Member of Parliament Gordana Siljanovska – Davkova, who was presidential candidate for VMRO-DPMNE at the 2019 elections, advised Prime Minister Zoran Zaev to talk to the people of Vevcani about the events of 1987, when the village was besieged by the police of then Communist Yugoslavia. The major incident that shocked the country and is widely seen as a totalitarian over-reach that helped bring down Yugoslavia, had a repeat of sorts yesterday, when riot police stormed Vevcani and prevented the holding of the age-old carnival.
In 1987 Vevcani began a revolt against the privileges of the Communist party, the predecessor to SDSM. The villages decided to stop the over-use of their famous springs, which had their waters diverted to supply the villas of Communist officials on Elen Kamen near Struga. In response, the unchecked Government besieged Vevcani with enormous police forces, who were even assaulting the women of Vevcani. The democratic public spoke out against the attack and in support of the brave people of Vevcani. Artists and scholars condemned their torture, Siljanovska said.
The police at the time even used electric batons, the news of which was carried by Western media outlets. Vevcani responded by declaring a mock independence from Yugoslavia and Macedonia, establishing the Republic of Vevcani and issuing its own passports and currency. While done mostly in jest, the message was received in the public. Disillusionment from the actions of the Communist party continued to grow and the attack was raised across Yugoslavia as evidence of the party going too far, and was one of the major incidents in the pre-break-up period.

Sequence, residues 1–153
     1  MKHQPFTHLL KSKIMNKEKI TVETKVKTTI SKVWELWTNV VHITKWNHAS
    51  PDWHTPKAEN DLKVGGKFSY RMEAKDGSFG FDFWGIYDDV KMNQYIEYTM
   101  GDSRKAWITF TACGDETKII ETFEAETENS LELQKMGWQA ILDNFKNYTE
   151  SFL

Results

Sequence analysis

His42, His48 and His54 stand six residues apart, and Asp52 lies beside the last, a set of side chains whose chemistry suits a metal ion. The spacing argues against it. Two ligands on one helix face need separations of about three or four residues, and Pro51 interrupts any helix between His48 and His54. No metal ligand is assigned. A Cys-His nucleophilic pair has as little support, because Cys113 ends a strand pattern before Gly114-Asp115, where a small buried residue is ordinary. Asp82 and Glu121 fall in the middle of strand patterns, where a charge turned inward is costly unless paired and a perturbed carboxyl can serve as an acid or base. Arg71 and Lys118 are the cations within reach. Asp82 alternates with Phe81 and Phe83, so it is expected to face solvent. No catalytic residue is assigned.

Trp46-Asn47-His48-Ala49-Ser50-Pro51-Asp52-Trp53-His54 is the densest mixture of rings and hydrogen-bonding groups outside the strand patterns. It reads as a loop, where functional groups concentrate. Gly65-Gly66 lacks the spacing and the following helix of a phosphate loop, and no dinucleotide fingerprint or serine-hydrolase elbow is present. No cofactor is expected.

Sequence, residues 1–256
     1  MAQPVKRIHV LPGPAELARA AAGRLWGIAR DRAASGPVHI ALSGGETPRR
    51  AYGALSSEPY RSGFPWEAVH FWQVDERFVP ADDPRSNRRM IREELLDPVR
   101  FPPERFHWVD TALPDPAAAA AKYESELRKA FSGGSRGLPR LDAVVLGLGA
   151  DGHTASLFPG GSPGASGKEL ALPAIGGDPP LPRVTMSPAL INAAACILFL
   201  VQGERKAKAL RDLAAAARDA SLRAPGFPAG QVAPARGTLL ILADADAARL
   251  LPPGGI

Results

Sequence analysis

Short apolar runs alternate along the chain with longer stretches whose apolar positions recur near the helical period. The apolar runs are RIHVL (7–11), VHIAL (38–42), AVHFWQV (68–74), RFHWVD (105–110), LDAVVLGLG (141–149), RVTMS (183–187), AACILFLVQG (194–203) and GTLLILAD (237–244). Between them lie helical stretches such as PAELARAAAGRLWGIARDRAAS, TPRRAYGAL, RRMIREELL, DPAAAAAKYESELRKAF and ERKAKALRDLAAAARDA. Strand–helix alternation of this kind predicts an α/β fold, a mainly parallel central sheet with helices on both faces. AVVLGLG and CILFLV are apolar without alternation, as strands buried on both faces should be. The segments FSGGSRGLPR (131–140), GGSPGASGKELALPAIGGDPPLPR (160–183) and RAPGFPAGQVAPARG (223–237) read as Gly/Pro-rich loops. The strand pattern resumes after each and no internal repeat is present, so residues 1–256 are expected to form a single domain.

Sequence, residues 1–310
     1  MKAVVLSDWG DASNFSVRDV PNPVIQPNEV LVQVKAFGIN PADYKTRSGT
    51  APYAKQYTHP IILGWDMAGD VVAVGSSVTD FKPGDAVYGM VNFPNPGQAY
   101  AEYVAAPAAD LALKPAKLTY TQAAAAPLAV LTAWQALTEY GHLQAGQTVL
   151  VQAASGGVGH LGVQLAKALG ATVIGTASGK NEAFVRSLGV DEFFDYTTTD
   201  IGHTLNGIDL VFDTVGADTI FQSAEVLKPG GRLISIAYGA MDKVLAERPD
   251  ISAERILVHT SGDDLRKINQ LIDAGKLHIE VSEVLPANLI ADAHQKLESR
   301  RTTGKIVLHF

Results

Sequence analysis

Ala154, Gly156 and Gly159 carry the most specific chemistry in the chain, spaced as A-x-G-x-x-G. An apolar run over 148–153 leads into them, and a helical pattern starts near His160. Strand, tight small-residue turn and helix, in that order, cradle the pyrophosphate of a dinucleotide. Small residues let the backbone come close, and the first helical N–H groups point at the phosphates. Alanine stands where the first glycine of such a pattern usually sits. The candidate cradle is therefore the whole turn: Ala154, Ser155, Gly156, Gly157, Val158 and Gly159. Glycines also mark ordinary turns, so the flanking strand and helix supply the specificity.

The Vevcani carnival has continued to present the traditions of the region, with masks that date back to the pre-Christian era used to dispel evil, mixed with masks with political connotations. Until yesterday, that is, when the police of the Zaev regime used the pretext of coronavirus restrictions to break it up. The carnival takes place in the open, and most of the participants wore masks over their faces, not to mention the elaborate hand-made masks that are so distinctive of the carnival. “Is there no room in our country to preserve this immemorial tradition? Can’t we symbolically display our human defiance to Covid-19, using humor and expressing the spirit of liberty and defiance of Vevcani?”, Siljanovska asked the Zaev regime. Many other public figures spoke out yesterday and condemned the police attack on the carnival, also reminding the public of the 1987 siege.